Variation in acrylamide producing potential in potato: Segregation of the trait in a breeding population
Shepherd, L. V. T., Bradshaw, J. E., Dale, M. F. B., McNicol, J. W., Pont, S. D. A., Mottram, D. S. and Davies, H. V. (2010) Variation in acrylamide producing potential in potato: Segregation of the trait in a breeding population. Food Chemistry, 123 (3). pp. 568-573. ISSN 0308-8146
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To link to this article DOI: 10.1016/j.foodchem.2010.04.070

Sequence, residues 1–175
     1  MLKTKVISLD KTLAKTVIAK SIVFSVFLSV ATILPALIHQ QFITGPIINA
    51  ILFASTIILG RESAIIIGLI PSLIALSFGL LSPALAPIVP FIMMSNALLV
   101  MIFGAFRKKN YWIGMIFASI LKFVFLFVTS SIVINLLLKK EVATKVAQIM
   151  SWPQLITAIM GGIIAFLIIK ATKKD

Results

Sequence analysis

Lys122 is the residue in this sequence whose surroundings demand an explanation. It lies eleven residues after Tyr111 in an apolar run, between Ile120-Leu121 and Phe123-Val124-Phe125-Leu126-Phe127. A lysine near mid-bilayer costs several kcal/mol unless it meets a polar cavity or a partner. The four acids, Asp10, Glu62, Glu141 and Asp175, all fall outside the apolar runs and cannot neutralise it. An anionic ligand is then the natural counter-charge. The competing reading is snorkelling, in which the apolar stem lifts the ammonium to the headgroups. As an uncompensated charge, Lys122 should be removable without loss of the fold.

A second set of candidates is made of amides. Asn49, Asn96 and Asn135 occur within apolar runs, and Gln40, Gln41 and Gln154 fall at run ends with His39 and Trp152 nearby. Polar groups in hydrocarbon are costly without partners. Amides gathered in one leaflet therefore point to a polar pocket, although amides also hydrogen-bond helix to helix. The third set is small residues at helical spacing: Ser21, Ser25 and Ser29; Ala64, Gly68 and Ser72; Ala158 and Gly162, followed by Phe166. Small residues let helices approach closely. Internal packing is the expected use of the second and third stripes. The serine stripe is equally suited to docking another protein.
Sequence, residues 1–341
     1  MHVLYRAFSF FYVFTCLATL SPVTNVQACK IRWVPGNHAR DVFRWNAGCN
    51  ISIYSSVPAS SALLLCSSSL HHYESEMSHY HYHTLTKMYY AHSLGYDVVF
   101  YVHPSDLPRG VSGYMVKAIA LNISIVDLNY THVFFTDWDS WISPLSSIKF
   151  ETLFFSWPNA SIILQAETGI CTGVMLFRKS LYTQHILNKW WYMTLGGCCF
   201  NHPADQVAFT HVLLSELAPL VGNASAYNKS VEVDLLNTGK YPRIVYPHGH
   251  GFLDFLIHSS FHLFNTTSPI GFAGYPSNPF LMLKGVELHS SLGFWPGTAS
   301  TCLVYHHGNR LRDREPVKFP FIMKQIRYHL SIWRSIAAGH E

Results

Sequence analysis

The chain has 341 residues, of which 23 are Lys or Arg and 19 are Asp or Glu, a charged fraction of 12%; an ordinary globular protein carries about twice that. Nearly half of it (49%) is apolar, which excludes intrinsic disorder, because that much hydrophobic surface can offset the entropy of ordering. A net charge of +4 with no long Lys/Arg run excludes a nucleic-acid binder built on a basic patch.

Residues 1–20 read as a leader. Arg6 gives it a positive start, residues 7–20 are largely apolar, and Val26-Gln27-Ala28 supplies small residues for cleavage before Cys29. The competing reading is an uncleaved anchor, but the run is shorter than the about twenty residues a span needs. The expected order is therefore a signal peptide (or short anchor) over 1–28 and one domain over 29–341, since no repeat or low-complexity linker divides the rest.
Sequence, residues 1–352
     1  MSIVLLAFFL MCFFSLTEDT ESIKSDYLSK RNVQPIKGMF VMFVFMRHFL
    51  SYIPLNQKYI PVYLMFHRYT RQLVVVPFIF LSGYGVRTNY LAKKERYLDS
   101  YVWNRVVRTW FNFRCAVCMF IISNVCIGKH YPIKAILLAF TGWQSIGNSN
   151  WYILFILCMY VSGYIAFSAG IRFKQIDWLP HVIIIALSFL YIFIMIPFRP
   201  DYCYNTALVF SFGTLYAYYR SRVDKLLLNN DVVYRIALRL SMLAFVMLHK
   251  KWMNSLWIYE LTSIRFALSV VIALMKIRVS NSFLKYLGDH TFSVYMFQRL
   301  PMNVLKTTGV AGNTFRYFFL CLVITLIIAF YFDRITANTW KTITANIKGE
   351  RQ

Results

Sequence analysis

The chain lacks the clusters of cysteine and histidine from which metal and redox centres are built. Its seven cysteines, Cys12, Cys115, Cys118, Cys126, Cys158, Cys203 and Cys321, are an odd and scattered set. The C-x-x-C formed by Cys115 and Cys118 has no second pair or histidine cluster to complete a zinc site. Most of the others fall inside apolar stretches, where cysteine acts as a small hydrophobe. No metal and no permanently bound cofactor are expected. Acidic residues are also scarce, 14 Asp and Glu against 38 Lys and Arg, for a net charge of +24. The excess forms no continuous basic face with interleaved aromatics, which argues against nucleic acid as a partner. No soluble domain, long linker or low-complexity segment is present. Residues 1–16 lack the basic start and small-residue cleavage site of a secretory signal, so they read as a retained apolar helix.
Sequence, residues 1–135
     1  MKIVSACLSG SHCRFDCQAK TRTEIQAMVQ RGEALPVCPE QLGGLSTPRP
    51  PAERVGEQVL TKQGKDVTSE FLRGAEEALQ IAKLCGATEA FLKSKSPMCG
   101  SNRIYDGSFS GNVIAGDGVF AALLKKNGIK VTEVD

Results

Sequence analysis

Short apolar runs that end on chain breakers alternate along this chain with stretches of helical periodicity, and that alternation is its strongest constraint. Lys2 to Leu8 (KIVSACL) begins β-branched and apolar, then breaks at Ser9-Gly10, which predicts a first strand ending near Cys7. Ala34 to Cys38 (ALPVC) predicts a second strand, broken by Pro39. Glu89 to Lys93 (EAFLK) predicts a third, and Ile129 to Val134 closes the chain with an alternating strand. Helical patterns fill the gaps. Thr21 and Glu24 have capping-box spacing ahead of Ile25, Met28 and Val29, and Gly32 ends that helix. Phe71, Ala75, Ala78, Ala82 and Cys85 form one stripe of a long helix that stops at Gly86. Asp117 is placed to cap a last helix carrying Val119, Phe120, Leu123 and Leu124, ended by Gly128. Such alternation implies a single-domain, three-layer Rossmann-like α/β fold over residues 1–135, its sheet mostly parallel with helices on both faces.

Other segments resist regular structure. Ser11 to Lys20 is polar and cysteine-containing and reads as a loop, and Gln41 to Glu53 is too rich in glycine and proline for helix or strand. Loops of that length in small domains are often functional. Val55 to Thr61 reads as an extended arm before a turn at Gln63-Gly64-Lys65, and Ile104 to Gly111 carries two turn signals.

Acrylamide is a neurotoxin and possible carcinogen, and concern has been voiced over human exposure to acrylamide in cooked foods. Processed potato products such as crisps and French fries are often cited as being particularly high in acrylamide. In this manuscript a sub-set of clonal progeny from a specific tetraploid potato breeding population has been assessed for acrylamide forming potential in stored tubers processed into crisps. The clone with the lowest acrylamide content in crisps had both low reducing sugars and asparagine contents. Our data show that, in the segregating breeding population used, both asparagine and reducing sugars levels needed to be taken into account to explain most of the variation in acrylamide and that selection for low levels of both metabolites should be targeted for crop improvement.
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